The Great Silk Road
Azerbaijan is situated along one of the main routes of the Silk Road, at the crossroads of civilisations, cultures, and religions. Sitting between Europe and Asia, the Silk Road played an enormous role in the establishment and development of the Azerbaijani carpet.
The Azerbaijani carpet can be interpreted as a complex, multi-layered product of intra- and intercultural interactions that developed over many centuries between the lands and cultures situated along the Silk Road.
The goods and products of Azerbaijani towns and settlements spread along the Silk Road with great success, and its towns were long known as centres of culture, science and education. Oil, carpets, raw silk, silk fabrics, cotton, weapons, dried fruits, salt, precious stones, jewellery, alum, saffron, natural dyes, polychrome pottery, wooden utensils, non-ferrous metals, sturgeon and caviar, and ironwood were the main exports of Azerbaijan.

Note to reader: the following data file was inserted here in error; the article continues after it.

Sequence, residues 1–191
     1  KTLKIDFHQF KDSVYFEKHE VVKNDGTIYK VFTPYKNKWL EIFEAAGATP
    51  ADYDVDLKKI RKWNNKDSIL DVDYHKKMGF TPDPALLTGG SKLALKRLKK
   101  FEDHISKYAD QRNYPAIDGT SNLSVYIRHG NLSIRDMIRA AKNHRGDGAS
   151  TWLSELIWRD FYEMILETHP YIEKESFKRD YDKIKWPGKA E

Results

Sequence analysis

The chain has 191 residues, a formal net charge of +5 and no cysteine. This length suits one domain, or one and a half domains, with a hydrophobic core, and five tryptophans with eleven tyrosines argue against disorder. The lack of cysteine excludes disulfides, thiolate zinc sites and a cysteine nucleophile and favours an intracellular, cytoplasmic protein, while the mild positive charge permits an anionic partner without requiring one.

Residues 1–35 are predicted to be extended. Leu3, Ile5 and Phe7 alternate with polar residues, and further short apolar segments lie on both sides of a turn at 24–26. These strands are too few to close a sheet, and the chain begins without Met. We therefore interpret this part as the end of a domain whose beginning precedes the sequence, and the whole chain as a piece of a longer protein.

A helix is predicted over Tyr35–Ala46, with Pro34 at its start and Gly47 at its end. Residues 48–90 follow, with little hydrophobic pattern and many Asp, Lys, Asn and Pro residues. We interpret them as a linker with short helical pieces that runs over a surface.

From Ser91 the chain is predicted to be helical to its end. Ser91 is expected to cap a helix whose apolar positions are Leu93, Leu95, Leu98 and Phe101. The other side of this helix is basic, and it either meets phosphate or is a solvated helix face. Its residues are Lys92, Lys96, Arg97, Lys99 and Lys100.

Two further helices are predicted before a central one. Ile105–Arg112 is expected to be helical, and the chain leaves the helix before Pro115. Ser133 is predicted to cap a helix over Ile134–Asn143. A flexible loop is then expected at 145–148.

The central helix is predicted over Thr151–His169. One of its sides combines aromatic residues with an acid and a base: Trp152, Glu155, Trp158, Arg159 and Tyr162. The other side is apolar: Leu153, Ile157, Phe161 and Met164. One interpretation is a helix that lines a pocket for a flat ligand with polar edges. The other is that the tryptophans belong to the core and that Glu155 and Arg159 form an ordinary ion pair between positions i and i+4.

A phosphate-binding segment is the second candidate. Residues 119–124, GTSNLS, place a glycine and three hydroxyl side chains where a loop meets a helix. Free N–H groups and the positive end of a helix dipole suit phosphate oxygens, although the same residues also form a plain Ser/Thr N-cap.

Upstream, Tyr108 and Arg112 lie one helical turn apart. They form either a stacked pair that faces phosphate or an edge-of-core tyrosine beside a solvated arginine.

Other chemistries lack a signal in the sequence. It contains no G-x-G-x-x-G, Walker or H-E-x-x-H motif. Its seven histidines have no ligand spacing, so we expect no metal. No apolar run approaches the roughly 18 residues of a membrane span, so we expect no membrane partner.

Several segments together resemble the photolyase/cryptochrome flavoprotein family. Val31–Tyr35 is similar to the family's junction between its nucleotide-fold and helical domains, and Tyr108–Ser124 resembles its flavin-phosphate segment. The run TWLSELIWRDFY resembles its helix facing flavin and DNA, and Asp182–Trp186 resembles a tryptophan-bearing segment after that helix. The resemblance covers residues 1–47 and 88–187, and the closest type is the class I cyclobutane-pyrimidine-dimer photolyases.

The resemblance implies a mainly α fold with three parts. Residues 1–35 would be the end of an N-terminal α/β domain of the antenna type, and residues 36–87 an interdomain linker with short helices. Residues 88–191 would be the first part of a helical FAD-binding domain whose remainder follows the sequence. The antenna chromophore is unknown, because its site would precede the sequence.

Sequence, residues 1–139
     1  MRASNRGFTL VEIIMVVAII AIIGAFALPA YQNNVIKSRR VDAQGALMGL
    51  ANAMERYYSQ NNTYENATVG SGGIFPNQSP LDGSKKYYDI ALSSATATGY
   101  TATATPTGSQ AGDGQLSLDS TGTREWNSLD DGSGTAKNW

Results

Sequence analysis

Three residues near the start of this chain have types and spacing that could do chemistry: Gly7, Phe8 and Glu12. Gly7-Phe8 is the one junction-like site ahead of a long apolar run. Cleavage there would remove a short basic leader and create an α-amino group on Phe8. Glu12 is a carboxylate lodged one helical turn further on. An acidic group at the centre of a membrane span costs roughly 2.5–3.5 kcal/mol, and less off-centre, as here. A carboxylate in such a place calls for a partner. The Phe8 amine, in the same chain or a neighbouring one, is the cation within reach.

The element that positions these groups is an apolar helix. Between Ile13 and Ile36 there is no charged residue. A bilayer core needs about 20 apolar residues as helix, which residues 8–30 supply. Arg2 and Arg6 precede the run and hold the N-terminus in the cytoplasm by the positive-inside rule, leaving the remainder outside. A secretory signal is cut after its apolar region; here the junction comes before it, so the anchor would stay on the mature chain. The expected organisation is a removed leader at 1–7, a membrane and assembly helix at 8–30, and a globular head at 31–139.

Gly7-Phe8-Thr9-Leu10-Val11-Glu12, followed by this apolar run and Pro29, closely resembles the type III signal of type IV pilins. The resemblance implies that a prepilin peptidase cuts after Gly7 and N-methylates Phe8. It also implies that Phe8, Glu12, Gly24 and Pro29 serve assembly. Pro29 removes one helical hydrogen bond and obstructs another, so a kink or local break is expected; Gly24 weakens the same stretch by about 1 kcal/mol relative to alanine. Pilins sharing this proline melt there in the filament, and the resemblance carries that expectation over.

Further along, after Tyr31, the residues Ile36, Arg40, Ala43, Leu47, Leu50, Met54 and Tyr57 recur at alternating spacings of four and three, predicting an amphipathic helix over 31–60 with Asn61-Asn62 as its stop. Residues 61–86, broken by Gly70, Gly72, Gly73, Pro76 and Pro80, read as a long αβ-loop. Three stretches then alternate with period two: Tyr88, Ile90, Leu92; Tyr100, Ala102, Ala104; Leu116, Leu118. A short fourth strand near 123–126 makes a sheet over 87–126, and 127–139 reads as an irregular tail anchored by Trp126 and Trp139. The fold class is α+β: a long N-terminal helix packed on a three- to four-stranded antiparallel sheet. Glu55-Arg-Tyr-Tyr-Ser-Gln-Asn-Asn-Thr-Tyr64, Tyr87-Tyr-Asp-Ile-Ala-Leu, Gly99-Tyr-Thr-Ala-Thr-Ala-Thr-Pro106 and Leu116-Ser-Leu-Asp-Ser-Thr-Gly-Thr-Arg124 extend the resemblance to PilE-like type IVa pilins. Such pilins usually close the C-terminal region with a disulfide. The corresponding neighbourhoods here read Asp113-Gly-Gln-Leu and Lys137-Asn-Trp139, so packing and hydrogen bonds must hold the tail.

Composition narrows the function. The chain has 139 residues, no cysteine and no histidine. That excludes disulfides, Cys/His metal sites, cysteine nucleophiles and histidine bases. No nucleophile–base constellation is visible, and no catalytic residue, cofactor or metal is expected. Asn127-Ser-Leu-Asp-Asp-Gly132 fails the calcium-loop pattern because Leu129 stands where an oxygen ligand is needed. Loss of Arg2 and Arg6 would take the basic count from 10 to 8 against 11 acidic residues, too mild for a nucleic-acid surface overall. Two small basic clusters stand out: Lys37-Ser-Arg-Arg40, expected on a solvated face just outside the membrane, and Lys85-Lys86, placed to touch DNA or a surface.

Weaving together these disparate strands of raw materials and classical motifs, Azerbaijan carpets now serve as beautiful emblem of multiculturalism. In 2007, the President of Azerbaijan, in signing a presidential decree that declared carpet weaving a cultural asset and a great national interest for Azerbaijan, noted:
‘I think that by common efforts we need to promote the values of multiculturalism. I know that there are different ideas about that - sometimes, pessimistic ideas. But there are positive examples of multiculturalism. Azerbaijan is one of them’.
This recognition was shared by UNESCO, which added ‘Traditional art of Azerbaijani carpet weaving in the Republic of Azerbaijan’ to the Representative List of the Intangible Cultural Heritage of Humanity in 2010.
Through centuries of development, the Azerbaijani Carpet has incorporated the social, cultural, and artistic values of various periods in the history of Azerbaijan, providing the Azerbaijani people with a tangible symbol of their cultural and historical continuity.